"She lives the poetry she cannot write" – Wilde
I Hear America Singing
I hear America singing, the varied carols I hear,
Those of mechanics, each one singing his as it should be blithe
The carpenter singing his as he measures his plank or beam,
The mason singing his as he makes ready for work, or leaves off
The boatman singing what belongs to him in his boat, the
deckhand singing on the steamboat deck,
The shoemaker singing as he sits on his bench, the hatter singing
as he stands,
The wood-cutter’s song, the ploughboy’s on his way in the
morning, or at noon intermission or at sundown,
The delicious singing of the mother, or of the young wife at
work, or of the girl sewing or washing,
Each singing what belongs to him or her and to none else,
The day what belongs to the day—at night the party of young
fellows, robust, friendly,
Singing with open mouths their strong melodious songs.
Walt Whitman is in the bloodstream of American culture as Shakespeare is in ours. He died in 1892 but if his poetry seems astonishingly modern, it’s because much modern poetry grew out of it. Read Leaves of Grass for a rich feast of images, for generous, tumbling rhythms and a feeling of exhilaration.
If you want to know how he does it…. then you’re in the wrong place. My focus today is on the relationship of the poem above to the poem below. But in passing, I’ll remark on the value of repetition. Beginning poets often use crude rhyme as a way to give a poem structure. There are other ways to scaffold a poem without resorting to cat/sat/mat rhymes, and one of them is repetition.
Whitman repeats simple words, in simple ways. ‘Singing’ is in almost every line – a simple word which almost always implies joy. The repetition of work, of boat, of deck; each of these quietly establishes a characteristic of that particular person. He uses a simple metaphor to hold the poem together – the whole of America singing – and delivers it in the first line of the poem, freeing him up to enumerate the many different songs that make up the new country of America.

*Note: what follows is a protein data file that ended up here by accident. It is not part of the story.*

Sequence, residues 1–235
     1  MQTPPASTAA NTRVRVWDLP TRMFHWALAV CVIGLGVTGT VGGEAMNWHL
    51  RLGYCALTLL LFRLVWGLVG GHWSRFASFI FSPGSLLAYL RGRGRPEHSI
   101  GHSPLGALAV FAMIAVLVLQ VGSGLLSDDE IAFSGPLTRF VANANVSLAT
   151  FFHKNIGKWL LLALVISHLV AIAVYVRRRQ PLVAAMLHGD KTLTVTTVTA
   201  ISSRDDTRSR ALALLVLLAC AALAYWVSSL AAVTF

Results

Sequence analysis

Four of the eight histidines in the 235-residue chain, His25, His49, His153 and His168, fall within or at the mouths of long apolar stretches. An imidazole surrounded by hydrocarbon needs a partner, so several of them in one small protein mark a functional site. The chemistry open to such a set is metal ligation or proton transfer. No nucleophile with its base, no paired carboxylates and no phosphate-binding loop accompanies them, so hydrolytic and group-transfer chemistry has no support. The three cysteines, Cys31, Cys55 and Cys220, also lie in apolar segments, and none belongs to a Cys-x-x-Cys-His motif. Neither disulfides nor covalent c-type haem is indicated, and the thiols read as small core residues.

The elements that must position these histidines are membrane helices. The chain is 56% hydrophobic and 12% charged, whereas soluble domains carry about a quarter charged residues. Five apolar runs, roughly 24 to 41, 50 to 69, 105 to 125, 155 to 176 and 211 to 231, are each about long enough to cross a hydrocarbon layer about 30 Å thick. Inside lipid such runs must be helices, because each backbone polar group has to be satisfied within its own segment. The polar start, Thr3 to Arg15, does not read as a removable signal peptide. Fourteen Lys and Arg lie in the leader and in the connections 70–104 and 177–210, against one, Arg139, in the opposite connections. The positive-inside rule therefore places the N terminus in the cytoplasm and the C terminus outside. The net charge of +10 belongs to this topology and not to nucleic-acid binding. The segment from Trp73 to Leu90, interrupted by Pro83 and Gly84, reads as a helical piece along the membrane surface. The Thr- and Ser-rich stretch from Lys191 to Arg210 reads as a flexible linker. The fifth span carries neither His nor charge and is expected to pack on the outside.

The last line of a poem is like the last note in a tune – it’s the one that hangs in the air as you walk away. ‘Strong, melodious songs’ is not an accidental description. Like America, the songs are strong; like the mixed population, they are melodious together.
Ten years after Whitman died, Langston Hughes was born in an America which was not at all ‘melodious’ for its black citizens. His poem, below, is a response to Whitman’s American anthem. It is powerful in its own right, and became a touchstone for many who did not know the poem it answers. It too uses plain language – brother, kitchen, laugh, strong. It doesn’t need complex images to make its point, nor does it use abstract words like ‘injustice’ or ‘racism’ – until the very end, when ‘beautiful’ and ‘ashamed’ are set against each other.
Like Whitman’s this poem sets up a simple metaphor – a darker singer, singing the same song – and uses the simplest structure to lay it in front of the reader. Today that singer eats in the kitchen. Tomorrow he will sit alongside his brothers, at the same table as them, acknowledged and equal in their eyes. We understand that ‘tomorrow’ means ‘in the future’. We understand that ‘the darker brother’ stands for all African-Americans currently denied a place at the table. Langston Hughes trusts the reader to work that out.
A new poem can gain strength by association with an old one, particularly a well known one. If you borrow a line or a phrase from the original, you must credit it to avoid any accusation of plagiarism; but don’t be afraid to write in response to someone else’s work. This kind of conversation between poems is a long and honourable tradition. Poets keep talking to one another even after death – and readers are privy to that conversation, if they eavesdrop carefully.
I, too, sing America.
I am the darker brother.
They send me to eat in the kitchen
When company comes,
But I laugh,
And eat well,
And grow strong.
I’ll be at the table
When company comes.
Say to me,
“Eat in the kitchen,”
They’ll see how beautiful I am
And be ashamed—
I, too, am America.
[The Collected Poems of Langston Hughes (Vintage Books, 2004)]